WHAT'S THE BUZZ? RESPONDING TO GOSSIP WITH PRAYER

A REPORT by the Social Issues Research Centre in Oxford, England, contained some interesting facts about gossip. It noted one recent study that found gossip accounts for 55 percent of men's conversations and 67 percent of women's. Researchers in a similar study premised that these percentages were not as interesting as the different ways the gossip was being used. For instance, men, it was suggested, use gossip for networking, to further their careers; while women more often use gossip to set moral boundaries and build relationships.

Though I've heard experts make a case for gossip's beneficial socializing effect on society, many people would agree that it can be less than productive, if not downright harmful. Talking about other people can often be about consciously or unconsciously diminishing them in order to make oneself feel better. The fact is, what people hear about another person—whether true or untrue—can cause them to regard that individual with less respect. In families, church communities, and through the news, gossip has the effect of creating divisiveness rather than establishing a foundation for progress.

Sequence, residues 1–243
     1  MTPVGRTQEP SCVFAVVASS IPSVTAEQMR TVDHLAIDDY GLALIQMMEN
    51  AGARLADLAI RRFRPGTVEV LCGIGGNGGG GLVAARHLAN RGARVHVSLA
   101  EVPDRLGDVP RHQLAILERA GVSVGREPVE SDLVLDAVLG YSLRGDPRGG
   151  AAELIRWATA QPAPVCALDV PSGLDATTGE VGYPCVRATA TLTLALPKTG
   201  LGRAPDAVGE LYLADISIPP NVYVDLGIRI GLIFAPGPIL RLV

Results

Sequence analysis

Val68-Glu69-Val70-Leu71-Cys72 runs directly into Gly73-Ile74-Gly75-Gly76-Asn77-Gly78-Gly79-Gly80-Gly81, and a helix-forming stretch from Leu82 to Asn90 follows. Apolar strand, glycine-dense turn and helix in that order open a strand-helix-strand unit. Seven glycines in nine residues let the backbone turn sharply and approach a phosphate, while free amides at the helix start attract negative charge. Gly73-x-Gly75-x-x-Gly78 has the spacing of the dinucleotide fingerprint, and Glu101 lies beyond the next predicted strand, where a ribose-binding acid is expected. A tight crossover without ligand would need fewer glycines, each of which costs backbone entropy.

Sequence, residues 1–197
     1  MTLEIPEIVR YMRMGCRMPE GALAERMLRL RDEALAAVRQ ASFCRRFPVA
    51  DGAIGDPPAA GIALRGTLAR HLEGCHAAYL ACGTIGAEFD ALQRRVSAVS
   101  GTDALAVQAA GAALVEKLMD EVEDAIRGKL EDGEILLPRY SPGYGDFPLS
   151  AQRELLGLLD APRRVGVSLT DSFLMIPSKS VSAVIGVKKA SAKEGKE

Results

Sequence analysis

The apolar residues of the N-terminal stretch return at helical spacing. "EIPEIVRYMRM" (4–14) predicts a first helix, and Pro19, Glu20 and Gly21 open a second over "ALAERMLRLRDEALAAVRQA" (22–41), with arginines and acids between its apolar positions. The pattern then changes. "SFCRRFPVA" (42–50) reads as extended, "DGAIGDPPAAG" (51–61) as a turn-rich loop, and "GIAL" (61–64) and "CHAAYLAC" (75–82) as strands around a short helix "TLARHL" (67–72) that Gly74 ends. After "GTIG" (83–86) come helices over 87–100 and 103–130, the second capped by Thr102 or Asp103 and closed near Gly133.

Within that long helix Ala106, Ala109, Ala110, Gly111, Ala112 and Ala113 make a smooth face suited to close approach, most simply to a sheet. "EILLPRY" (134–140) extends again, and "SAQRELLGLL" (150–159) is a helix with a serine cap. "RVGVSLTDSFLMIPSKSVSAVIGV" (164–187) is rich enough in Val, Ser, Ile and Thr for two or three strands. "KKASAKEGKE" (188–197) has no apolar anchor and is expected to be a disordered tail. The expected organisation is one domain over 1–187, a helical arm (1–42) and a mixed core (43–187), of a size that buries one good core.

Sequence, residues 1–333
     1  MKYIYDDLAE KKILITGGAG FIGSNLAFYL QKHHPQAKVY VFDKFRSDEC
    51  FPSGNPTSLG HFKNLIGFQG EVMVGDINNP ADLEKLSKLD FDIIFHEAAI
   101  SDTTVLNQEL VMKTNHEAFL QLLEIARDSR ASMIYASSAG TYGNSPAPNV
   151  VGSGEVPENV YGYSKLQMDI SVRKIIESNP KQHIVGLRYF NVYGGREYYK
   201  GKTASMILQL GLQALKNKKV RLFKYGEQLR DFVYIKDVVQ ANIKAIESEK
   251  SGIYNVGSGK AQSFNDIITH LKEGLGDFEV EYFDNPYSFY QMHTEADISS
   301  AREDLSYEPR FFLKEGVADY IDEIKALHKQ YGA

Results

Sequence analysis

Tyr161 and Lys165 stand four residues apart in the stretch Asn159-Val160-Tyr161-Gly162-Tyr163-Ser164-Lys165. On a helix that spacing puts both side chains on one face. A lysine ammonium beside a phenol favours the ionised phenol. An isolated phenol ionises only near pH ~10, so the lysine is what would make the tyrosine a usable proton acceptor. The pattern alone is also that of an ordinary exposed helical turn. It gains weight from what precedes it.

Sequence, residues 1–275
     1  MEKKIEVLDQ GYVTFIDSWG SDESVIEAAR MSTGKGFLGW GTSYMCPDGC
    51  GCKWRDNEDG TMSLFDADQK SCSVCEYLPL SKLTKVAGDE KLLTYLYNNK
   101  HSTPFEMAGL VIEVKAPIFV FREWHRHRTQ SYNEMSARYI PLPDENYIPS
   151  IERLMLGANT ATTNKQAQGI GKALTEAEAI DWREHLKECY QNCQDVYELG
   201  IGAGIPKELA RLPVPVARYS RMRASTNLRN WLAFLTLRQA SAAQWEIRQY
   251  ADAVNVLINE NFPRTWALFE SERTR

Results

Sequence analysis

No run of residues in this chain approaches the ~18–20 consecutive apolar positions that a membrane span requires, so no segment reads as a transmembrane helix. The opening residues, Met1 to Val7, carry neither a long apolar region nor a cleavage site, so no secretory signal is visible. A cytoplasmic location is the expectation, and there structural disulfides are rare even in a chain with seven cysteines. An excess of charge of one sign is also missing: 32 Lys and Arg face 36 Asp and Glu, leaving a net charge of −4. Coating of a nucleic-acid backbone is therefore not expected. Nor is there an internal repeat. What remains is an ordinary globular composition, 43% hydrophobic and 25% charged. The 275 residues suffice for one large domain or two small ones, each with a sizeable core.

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Testimony of Healing
'BY LABOR DAY, I WAS HIKING'
July 23, 2007
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